When I first plunged into the ocean of agents, publishers and hopeful authors, it was repeated through so many outlets that “you need to get involved in the digital/social media world.”
Develop an online presence, they said. Network.
Networking is something I was never good at. I don’t schmooze. I’m not a highly sociable guy. I generally distrust people on the outset and am hesitant to jump into relationships regardless of the type.
Yet, now that I’ve begun working up my online presence, I’m quickly seeing the benefits of doing so.
One of these benefits came in the decision to not work with an agent if she requested my manuscript. I was following the agent on Twitter for a couple of weeks and her tweets were beginning to rub me the wrong way. I thought nothing of unfollowing her. Coincidentally, I received an email from said agent less than ten minutes later telling me to piss off with my crappy book. (<– That’s a lie, she was professional about it.)
Had I not gotten on Twitter as others so kindly suggested, I might not have known that I dislike the agent.
But there are more benefits than just getting to know people. There’s free s*** galore out there. Which is awesome.
I’m usually not one to shamefully plug myself and I won’t start now. Yet, I am going to take this opportunity to educate while exploiting the fact that I’ve started a blog.
I’ve mentioned Literary Rambles before as a resource for middle grade authors. They (@NatalielAguirre and @Casey_McCormick) find middle grade agents and provide some excellent starter information on the agents—the site is a great springboard into cyber-stalking people like Brent Taylor (@NaughtyBrent) to discover their interests and whether or not they seem like a fit for you and your work. As mentioned before (if I remember correctly) Brent Taylor works under Uwe Stender over at TraidaUS Literary Agency. I’ve been considering querying both of these men for a while now and still am. And so it was that I started following them on Twitter (Uwe Stender can be found @UweStender)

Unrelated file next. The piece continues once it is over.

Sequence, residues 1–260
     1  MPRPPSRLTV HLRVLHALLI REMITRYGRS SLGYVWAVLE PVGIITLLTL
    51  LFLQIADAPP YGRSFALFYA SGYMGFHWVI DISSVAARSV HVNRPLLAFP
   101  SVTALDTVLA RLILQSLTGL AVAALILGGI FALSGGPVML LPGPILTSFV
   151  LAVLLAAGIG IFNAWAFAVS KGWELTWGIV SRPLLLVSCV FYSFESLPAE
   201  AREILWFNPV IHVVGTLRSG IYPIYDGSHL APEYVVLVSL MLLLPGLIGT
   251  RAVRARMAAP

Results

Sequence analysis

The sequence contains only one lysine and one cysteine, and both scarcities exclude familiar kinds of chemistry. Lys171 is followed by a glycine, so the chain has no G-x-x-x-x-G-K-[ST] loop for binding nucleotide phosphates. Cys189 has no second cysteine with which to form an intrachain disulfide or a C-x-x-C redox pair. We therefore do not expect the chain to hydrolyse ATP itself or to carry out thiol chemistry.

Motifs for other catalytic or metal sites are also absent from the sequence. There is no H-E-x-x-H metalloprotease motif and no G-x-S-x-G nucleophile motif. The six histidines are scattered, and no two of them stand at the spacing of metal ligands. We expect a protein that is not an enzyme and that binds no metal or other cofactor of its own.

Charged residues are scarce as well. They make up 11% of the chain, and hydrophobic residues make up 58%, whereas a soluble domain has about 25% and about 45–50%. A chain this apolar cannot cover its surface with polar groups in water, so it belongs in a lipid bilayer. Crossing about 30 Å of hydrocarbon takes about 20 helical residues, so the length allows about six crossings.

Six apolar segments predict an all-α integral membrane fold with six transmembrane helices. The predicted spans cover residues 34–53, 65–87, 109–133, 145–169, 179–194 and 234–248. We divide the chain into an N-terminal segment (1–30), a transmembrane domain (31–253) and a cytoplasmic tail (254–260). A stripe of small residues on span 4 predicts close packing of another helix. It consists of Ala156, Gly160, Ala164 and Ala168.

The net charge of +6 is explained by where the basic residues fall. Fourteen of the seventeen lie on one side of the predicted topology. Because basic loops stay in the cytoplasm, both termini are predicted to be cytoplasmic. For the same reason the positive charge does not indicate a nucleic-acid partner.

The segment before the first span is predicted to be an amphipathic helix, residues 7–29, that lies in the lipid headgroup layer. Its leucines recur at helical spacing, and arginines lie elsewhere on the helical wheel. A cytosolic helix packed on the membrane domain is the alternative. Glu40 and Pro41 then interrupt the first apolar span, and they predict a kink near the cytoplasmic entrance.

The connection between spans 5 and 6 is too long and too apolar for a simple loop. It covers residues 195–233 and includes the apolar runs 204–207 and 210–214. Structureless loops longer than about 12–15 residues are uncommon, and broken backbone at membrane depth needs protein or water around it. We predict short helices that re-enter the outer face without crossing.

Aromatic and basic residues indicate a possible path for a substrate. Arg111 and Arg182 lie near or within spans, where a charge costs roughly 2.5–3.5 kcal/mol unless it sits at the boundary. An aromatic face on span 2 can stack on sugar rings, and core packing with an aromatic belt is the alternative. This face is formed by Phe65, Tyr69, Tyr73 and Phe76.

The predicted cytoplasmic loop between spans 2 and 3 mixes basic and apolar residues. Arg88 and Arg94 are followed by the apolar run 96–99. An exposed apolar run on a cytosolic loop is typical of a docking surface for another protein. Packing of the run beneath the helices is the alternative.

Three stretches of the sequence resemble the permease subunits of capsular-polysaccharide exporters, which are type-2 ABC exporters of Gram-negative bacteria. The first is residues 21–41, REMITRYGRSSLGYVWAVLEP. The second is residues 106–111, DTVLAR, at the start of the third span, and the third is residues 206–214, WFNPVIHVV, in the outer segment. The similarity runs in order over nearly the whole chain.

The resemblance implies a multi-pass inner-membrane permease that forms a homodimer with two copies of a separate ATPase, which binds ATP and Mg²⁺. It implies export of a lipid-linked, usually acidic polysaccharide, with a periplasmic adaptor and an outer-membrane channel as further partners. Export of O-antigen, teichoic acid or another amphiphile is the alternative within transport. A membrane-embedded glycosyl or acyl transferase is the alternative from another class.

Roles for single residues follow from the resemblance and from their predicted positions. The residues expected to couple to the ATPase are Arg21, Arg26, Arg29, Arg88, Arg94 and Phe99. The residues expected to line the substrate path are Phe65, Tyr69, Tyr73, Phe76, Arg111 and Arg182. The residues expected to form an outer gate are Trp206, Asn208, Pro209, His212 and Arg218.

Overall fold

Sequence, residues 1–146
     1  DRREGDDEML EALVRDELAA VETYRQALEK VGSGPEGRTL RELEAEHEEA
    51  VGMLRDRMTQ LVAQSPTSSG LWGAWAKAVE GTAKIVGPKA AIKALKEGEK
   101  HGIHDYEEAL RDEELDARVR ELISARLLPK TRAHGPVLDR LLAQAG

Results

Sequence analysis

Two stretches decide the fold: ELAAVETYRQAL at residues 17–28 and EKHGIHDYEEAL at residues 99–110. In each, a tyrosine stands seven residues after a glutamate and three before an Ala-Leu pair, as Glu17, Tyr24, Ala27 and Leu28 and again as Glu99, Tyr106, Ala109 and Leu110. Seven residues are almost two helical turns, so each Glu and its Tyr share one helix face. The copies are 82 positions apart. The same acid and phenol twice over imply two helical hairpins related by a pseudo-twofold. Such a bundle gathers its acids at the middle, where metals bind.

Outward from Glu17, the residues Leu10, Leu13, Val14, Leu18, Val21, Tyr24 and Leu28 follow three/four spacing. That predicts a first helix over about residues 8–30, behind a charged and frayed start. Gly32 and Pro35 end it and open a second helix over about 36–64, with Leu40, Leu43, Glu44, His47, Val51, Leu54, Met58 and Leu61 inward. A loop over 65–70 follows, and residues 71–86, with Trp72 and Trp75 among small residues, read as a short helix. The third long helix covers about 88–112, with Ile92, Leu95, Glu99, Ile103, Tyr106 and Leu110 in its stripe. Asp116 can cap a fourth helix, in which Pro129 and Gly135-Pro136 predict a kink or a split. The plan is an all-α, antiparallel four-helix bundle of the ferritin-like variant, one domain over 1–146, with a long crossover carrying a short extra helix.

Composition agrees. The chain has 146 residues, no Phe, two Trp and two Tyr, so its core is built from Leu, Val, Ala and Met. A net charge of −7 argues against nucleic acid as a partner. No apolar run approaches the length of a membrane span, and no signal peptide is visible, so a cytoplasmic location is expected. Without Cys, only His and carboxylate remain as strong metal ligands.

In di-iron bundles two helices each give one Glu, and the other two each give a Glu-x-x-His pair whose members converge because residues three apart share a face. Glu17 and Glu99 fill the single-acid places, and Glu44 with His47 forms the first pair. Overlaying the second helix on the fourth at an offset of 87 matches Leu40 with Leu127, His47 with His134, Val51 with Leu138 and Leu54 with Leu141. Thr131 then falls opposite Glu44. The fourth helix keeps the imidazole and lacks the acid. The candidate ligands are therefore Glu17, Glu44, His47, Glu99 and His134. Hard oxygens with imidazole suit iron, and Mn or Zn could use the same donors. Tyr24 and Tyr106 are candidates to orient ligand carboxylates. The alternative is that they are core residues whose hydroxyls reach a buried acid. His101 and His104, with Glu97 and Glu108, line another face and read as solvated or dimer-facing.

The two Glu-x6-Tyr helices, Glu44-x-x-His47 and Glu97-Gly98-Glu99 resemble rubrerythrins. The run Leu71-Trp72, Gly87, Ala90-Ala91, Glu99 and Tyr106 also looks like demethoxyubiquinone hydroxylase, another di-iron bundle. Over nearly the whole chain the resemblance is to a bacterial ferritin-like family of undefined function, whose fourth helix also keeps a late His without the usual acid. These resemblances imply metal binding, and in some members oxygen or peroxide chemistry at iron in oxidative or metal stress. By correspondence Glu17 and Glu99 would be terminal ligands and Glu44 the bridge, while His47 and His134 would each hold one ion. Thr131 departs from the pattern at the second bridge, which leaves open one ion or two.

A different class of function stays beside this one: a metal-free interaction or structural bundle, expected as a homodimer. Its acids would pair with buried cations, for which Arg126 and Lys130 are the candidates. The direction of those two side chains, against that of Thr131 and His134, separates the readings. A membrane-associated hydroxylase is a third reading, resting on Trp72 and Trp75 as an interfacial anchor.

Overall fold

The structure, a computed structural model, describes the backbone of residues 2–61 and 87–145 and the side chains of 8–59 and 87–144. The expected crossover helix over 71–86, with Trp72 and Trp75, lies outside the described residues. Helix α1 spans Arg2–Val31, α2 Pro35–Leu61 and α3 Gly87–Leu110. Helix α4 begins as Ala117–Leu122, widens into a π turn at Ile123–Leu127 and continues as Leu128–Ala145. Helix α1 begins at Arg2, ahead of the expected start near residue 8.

Because of Twitter, I discovered this morning that Literary Rambles and Brent Taylor have teamed up and are giving away a free query critique from @NaughtyBrent.
To enter (which I suggest anyone still in need of query advice do) all you have to do is go here and read the interview—the rules are within it.
Coming across this drawing on Twitter proves the advantages of an online presence, but Twitter’s obviously not the only avenue where (hopeful) people in the publishing world can find unique ways of connecting with one another. Signing up with Reader’s Digest will flood your inbox with different opportunities (almost annoyingly so, though I think you can manage what they send you). Other blogs offer other opportunities. There are even contests and free stuff put across on message board sites. If I were a crack addict and had all the time in the world, I’d be scouring these resources non-stop for every extra point up I could get.
However I am not a crack addict, regardless of what my estranged brother contests (unlike him, I still have all my teeth).
The moral here, folks, is that when you hear others saying, “maintain a social media presence,” there’s a lot more to it than just getting your name out there. The more I dig into the dream-laden world of prospective authors the more I see a community of genuinely nice people encouraging and helping one another. Even the agents and publishers. We’re all in this together… but some of us are in this more so than others.
I’m still learning this.
And I’m passing along each bit of helpful information I can along the way because even if I suck it up in life as an author, helping people is as easy as throwing this blog into the world… and it also gets me an extra drawing in the contest mentioned above ;P
Best of luck to everyone